Do Anglophones care?

Do Anglophones care?


Image via the Media Co-Op

I often write about oppressors- on naked misandrists, or the history of slavery in Québec, or racist robots– and against the dehumanization of people to justify violence.

Now, let’s tackle a community response: waves of protests are erupting this week in Montréal against the privatization of society by a rich surgeon, and the recent attempt to criminalize abortion by Québec’s Minister of Health in Bill 20.


Protests include one where you must dress as the 1%, an occupied park with bloodied pants to protest the new idea to criminalize abortion by the Labour of Health, and general mass waves of occupying streets and public spaces to demonstrate the will of the people against the systemic erasure of rights.


Students from the Department of Health at Concordia  went on strike for the first time ever – with many other departments – to pair with McGill and the typically strong teams of protesters from CEGEPS and Francophone schools UdeM, UQAM, Polytechnique, and HEC – among others.

Click here for a comprehensive list of events and supporters 

Do Anglophones care?

One filmed incidence of a Concordia student (1:27) yelling against the request to protest underlined a cultural divide in the city has ignited conversations about the stereotype of Anglophone North Americans as more likely to embrace an individualistic interpretation of their education, unimpacted by proposed laws, rather than as one member in a collectivity of interdependent students.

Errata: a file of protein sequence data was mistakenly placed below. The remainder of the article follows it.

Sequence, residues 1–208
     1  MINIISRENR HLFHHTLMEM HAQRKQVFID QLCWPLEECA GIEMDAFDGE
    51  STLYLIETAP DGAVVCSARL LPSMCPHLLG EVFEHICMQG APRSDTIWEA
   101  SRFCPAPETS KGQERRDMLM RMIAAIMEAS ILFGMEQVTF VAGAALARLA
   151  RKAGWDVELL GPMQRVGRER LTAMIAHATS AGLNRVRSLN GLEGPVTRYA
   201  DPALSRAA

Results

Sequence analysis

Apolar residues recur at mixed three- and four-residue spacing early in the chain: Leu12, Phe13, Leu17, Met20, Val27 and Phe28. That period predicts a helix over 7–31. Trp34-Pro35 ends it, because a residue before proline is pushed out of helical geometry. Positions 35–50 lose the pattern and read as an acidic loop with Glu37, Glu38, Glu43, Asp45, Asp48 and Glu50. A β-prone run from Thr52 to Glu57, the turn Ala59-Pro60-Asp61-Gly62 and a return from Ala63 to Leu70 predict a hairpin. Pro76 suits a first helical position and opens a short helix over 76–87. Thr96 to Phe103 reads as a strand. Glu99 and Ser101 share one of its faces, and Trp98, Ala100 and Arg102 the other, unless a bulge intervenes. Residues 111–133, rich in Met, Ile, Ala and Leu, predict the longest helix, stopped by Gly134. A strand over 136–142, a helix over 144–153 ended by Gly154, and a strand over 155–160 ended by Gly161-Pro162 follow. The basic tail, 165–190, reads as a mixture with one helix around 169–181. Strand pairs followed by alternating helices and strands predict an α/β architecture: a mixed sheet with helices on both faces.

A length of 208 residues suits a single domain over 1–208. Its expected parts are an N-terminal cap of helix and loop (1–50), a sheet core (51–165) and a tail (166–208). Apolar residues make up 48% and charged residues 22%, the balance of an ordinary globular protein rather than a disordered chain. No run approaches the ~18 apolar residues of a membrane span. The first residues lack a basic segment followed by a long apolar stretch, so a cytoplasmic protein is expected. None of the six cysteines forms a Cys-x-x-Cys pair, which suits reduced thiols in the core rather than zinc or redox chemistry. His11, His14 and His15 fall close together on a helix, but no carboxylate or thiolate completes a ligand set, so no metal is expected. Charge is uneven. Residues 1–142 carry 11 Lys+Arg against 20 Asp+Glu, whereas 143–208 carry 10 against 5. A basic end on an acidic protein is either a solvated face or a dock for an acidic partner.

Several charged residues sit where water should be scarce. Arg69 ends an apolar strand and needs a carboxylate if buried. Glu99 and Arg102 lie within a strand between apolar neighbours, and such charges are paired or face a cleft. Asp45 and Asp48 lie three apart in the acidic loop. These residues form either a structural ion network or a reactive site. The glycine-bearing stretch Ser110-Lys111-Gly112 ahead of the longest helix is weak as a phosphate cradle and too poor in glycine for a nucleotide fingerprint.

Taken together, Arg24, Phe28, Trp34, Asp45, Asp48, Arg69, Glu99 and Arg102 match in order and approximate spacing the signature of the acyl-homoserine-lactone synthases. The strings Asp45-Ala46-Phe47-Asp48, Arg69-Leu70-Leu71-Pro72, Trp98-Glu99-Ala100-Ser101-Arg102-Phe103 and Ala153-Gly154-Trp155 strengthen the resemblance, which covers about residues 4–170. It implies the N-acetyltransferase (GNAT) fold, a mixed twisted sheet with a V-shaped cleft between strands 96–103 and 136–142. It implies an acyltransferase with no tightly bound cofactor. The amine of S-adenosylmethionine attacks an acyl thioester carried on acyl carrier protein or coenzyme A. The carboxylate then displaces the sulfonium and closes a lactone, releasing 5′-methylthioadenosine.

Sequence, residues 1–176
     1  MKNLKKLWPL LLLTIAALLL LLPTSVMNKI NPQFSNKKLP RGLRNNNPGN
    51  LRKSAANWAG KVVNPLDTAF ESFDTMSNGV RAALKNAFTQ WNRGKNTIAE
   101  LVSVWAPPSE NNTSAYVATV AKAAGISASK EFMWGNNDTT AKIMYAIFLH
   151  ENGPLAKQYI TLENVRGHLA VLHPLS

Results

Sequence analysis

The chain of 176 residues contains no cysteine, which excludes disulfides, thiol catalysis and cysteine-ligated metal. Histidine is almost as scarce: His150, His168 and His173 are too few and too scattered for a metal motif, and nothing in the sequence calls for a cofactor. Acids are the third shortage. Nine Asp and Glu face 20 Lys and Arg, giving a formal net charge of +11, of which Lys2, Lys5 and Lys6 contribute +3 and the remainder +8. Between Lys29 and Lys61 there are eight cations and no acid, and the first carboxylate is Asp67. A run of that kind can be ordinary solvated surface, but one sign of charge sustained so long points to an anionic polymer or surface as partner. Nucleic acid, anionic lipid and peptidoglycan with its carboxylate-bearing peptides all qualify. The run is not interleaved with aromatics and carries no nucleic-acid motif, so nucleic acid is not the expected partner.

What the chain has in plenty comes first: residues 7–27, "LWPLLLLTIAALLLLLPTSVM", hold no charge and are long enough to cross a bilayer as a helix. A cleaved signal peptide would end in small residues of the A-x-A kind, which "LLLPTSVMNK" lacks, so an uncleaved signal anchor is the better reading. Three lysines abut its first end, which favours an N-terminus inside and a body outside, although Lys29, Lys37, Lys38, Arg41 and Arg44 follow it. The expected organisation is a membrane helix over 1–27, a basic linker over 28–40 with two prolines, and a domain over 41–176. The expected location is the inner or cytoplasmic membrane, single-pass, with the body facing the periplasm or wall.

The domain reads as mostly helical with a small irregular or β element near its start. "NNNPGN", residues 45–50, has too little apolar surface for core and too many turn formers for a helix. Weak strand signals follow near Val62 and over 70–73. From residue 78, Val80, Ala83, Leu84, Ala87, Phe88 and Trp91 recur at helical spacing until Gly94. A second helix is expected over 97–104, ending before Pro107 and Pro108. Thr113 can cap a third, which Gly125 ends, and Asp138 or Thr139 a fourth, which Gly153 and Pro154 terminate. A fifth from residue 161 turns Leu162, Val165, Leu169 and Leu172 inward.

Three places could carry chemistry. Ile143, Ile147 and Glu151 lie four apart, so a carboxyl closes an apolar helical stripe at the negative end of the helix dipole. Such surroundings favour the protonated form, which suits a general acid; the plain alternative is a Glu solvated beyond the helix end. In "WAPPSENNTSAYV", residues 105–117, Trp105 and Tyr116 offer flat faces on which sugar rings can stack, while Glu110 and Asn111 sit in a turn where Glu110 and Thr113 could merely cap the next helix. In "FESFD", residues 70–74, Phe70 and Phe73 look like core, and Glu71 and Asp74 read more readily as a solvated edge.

If you listen closely you can hear the shuffles of coats from thousands of shaking heads from thousands of anglo-Québecois out in the streets – accented by the occasional face palm.

Kids complain too much

This week in Montréal demonstrates that the pulse of activism and community is strong – a necessary component of any functioning city.

Those who paint tens of thousands of protesters as ‘out of touch kids’ ignore the fact that not only are people of all types and ages standing up for their nation, but that calling a person who questions decisions rather than acquiesces without question is exactly what is required in order to keep our government accountable, and to bring change to the serious threats to our nation – such as continued white supremacy, patriarchy and gender violence, the destruction and sale of our environment to corporations, or interest groups who exploit those among us who have been denied the privilege of education.

Liam Lachance– 31 March, 2015 – Montreal 

Author: Word and Colour

words inspired by colour

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